Photo by Simon Parfrement
Jason Williamson is the frontman of Sleaford Mods. This is the first instalment of his new VICE column.
The worst part about working while you're doing music is recording. It's the worst bit because for me it's mainly done in the evening, after work, until late, between Monday and Thursday. Sessions are usually laden with drink or weed (as you do), so the day following a session will always see me slumped and hungover at my desk, which adds greatly to the already unhealthy reality of office employment. I'm surprised a new disease known as "office piles" hasn't been naturally engineered through motionless bowel movement full of cheap coffee. Like a chocolate arse liquor full of Gold Blend. Fucking 'orrible.
Recording sessions are spontaneous. The only pre-planning is in lyrics and beats. I take care of lyrics and I do them at work, or on the bus, or on the loo, or wherever or whenever they come. Andrew sorts the music, which he does at home fairly quickly. We fling them at each other in the hope that they attach. It leaves you fucked in the morning, but to record sober is still a hurdle for us. The euphoria of drunken productivity is certainly an additional plus to creating and the ritual of the local after recording the first tune of the evening gets you set up for round two. We can bosh out between two or three strong, completed ideas in a night if the going's good. It usually works if I stick to the rant over a solid beat, or else a more structured verse/chorus/middle-8 pattern. If we experiment it usually ends up being less rewarding but can aid future approaches, so in a way it's all money in the bank.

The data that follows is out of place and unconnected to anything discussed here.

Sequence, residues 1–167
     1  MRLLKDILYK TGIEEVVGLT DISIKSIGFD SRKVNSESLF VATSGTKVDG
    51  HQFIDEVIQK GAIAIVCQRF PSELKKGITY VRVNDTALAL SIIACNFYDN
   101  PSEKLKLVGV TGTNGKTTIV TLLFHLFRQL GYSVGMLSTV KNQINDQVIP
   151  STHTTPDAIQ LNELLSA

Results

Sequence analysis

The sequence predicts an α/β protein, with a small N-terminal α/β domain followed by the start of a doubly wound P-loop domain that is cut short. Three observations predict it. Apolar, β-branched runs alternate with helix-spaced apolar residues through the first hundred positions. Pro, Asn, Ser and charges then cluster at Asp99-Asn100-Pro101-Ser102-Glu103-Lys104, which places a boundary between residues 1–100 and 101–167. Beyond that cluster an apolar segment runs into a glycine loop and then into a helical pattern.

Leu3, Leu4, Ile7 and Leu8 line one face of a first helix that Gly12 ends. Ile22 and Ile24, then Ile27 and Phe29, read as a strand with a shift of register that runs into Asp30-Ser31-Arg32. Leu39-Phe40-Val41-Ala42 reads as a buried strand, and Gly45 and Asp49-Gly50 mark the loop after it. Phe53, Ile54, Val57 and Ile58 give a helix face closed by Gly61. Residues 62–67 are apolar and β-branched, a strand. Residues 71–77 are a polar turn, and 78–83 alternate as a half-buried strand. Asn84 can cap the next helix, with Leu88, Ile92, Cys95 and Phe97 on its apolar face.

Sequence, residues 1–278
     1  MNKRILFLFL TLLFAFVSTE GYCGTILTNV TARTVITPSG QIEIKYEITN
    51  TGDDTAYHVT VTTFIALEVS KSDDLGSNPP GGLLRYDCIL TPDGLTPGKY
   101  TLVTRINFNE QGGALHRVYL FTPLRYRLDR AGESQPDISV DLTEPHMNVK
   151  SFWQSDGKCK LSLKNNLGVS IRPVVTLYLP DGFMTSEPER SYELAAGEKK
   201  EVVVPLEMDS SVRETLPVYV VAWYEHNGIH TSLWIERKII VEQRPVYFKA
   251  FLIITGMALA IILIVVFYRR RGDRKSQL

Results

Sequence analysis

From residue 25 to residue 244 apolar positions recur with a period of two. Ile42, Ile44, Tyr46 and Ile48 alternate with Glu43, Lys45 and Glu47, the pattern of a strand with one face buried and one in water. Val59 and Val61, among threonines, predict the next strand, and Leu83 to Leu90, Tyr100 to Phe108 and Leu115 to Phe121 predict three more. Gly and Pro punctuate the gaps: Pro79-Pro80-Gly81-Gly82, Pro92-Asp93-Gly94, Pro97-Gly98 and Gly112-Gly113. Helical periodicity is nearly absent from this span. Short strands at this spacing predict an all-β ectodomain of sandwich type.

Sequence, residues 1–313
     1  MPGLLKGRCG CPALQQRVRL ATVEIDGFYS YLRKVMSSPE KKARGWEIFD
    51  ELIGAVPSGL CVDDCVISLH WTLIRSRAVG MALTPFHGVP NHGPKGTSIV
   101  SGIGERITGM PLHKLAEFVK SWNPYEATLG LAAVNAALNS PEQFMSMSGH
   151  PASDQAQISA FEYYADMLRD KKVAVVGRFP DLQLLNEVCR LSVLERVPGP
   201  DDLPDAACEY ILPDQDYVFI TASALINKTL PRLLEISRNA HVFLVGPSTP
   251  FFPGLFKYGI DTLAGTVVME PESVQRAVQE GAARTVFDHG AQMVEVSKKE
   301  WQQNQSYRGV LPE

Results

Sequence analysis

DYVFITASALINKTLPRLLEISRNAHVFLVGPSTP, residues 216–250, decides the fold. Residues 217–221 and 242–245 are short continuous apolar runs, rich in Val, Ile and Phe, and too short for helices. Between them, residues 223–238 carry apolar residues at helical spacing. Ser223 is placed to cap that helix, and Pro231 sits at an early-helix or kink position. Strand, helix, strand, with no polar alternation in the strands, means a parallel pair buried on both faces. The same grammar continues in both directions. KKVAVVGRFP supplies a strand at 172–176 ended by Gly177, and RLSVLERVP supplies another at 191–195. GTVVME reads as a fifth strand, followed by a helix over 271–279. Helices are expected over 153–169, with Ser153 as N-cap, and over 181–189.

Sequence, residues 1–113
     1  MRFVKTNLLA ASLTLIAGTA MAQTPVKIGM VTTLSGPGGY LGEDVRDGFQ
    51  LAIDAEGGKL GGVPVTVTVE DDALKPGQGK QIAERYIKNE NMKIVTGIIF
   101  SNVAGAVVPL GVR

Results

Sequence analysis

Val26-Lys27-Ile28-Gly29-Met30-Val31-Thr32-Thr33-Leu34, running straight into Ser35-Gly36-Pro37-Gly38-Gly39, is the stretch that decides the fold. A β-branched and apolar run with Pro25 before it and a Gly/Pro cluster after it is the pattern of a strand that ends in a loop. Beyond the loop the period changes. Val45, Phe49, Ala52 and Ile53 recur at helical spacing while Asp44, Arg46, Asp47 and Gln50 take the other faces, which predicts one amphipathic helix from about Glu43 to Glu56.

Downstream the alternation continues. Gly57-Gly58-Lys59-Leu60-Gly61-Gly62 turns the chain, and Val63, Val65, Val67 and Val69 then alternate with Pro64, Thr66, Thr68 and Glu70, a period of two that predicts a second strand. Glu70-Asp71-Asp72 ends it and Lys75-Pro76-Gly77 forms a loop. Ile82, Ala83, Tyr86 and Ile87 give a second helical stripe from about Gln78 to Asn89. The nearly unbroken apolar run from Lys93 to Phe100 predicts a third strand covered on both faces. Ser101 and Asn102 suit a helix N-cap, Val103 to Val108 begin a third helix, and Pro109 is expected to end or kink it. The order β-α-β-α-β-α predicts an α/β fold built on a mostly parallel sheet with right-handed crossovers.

The next day, however, is fucking rotten. Paranoia and the tobacco comedown rule your physical and its pain is full of wrath. I'm in bed for around 1-2AM after a recording session and then up at 6.30AM to iron a shirt and stumble around, it's a cunt. I can't do weekends 'cos I have a family and that time is for being with them, so weeknights are the only option. It's misery really, and I don't wanna sound cuntish because obviously it's not real misery, but all the same the effort in activity is a pain in the arse. You do get the tunes you need but it comes at a cost. It ain't fucking healthy.
Work. Worse than Liam Gallagher's tweets.
— Sleaford Mods (@sleafordmods) July 9, 2014